Context: Sex hormones play a key role in women's health, but little is known about lifestyle factors that influence their levels.
Objective: The objective of the study was to investigate the relationship between cigarette smoking habits and endogenous sex hormone levels in postmenopausal women.
Design and participants: This was a cross-sectional study among 2030 postmenopausal women aged 55-81 yr from the Norfolk population of the European Prospective Investigation into Cancer. All women were at least 1 yr postmenopausal and not currently using hormone replacement therapy. General linear models were used to examine the relationship between smoking habits and sex hormone levels.
Results: Among current smokers, the daily number of cigarettes smoked was associated with increased levels of testosterone (19-37%), free testosterone (19-34%), 17-hydroxprogesterone (17-22%), androstenedione (2-23%), SHBG (6-10%), and estradiol (-2 to 15%). Stratified analysis for body mass index revealed an interaction such that the association with SHBG was restricted to lean women, whereas a smoking-related increase in free estradiol was found only in overweight women. No clear dose-response relationship was observed for estrone, although its levels were highest in heavy smokers. Current smoking habit was associated with a larger difference in sex hormone levels than lifetime cigarette exposure as measured by pack-years. Among former smokers, sex hormones were at levels of never smokers within 1-2 yr of smoking cessation.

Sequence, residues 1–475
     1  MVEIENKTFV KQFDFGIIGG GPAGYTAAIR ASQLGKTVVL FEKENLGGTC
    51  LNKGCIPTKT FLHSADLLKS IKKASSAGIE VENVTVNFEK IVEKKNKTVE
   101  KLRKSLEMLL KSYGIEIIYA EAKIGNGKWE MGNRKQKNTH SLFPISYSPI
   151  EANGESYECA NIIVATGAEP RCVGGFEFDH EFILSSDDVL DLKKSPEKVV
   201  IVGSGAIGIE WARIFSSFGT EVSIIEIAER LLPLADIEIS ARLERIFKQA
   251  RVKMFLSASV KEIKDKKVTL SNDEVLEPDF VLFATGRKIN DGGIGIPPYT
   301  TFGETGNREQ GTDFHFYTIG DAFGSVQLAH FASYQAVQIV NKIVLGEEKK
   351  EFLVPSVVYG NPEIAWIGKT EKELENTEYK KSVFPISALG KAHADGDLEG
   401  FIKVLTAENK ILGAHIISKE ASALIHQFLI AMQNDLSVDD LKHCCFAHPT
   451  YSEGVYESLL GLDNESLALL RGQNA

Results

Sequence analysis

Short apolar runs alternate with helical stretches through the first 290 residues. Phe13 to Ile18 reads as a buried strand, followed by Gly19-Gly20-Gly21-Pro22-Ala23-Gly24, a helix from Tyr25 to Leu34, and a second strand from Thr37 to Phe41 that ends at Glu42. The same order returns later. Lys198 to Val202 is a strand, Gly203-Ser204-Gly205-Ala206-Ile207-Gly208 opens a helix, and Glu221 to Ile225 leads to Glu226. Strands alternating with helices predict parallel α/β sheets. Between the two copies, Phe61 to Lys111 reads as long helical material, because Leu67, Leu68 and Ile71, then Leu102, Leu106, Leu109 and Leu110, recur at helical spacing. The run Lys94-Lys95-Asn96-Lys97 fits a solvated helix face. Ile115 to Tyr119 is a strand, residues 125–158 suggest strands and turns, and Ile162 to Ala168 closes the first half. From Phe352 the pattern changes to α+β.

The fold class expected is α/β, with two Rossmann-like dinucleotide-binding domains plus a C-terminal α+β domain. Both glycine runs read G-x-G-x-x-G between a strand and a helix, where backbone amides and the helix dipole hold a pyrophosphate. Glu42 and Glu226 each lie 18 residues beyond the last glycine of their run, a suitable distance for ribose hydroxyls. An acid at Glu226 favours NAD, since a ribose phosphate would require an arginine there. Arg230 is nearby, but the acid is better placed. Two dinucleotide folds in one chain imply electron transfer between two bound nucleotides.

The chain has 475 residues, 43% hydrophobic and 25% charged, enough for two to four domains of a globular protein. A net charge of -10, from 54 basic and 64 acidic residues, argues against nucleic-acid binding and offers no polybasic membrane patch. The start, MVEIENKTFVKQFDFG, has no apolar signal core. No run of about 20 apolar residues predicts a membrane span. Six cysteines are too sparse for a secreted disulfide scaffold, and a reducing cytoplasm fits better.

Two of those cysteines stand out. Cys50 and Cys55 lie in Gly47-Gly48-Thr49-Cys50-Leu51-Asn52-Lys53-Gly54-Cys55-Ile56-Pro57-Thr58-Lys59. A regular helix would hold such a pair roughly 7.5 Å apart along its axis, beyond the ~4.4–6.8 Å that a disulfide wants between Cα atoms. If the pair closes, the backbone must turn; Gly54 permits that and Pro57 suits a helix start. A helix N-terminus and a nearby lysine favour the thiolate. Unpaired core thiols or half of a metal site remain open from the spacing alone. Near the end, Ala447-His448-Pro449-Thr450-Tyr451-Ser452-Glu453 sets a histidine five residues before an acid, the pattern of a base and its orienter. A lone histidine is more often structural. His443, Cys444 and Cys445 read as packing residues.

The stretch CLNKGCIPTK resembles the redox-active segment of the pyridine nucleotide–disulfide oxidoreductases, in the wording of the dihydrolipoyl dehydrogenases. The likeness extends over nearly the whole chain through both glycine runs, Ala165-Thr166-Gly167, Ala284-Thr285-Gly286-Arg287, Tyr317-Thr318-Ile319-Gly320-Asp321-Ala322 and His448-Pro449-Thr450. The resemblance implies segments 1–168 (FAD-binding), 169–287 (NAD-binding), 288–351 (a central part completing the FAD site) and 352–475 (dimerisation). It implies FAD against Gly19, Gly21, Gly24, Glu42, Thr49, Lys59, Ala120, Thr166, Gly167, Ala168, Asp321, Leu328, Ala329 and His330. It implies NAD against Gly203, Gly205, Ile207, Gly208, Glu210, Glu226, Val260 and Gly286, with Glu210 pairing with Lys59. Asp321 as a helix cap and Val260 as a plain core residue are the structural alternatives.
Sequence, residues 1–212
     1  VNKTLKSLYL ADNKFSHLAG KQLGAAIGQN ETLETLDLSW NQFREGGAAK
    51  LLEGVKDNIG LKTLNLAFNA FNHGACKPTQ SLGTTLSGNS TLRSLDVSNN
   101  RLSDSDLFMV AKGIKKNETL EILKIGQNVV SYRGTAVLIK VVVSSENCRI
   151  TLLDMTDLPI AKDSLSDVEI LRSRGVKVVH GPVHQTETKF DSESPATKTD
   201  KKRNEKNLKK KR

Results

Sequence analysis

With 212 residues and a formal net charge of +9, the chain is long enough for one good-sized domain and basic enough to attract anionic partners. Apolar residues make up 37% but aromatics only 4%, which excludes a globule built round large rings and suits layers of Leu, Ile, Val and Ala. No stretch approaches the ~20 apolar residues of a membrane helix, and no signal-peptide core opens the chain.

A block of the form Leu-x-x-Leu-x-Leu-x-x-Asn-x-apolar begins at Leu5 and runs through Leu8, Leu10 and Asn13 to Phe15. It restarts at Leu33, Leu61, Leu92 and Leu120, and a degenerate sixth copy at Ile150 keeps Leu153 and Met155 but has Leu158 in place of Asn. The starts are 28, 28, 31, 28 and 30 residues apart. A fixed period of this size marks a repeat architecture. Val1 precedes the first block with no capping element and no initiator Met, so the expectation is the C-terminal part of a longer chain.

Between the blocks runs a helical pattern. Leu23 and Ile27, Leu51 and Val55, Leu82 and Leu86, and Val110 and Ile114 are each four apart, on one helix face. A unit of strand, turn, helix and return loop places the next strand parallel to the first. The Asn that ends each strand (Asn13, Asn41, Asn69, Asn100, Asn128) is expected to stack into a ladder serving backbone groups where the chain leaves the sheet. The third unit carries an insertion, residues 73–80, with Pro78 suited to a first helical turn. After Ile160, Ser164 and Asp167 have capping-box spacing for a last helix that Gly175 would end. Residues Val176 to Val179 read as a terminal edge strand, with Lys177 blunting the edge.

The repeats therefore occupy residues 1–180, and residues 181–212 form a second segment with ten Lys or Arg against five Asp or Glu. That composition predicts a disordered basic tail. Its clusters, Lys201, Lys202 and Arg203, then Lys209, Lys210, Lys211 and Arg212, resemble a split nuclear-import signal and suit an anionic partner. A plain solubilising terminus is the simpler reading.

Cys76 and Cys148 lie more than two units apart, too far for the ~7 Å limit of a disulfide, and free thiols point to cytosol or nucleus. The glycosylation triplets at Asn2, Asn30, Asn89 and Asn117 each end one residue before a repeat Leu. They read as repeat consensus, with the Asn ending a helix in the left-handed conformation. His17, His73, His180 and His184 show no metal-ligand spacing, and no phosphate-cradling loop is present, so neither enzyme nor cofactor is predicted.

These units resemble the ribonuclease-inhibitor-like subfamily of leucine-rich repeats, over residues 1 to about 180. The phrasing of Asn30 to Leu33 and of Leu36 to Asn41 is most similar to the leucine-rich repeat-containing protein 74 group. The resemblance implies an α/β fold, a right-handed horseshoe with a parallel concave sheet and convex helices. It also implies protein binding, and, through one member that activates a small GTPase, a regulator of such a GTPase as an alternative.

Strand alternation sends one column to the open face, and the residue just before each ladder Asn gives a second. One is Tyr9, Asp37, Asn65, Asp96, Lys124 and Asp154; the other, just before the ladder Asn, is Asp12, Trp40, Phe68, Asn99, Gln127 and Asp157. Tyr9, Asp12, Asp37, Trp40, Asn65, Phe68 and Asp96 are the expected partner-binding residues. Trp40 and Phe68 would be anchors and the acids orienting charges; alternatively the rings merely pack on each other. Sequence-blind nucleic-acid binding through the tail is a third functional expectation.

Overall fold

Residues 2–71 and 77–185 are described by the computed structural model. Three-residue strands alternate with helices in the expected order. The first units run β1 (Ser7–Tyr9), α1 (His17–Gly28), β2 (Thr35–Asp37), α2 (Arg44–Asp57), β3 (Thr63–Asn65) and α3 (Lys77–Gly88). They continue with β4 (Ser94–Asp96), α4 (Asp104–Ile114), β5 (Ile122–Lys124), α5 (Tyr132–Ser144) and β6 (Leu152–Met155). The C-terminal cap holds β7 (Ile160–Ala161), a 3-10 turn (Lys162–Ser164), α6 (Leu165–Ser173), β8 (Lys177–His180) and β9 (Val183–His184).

Conclusions: Cigarette smoking is associated with higher circulating levels of androgens, estrogens, 17-hydroxprogesterone, and SHBG in postmenopausal women. The almost immediate lower levels with smoking cessation may indicate that hormone related disease risks could potentially be modified by changing smoking habits.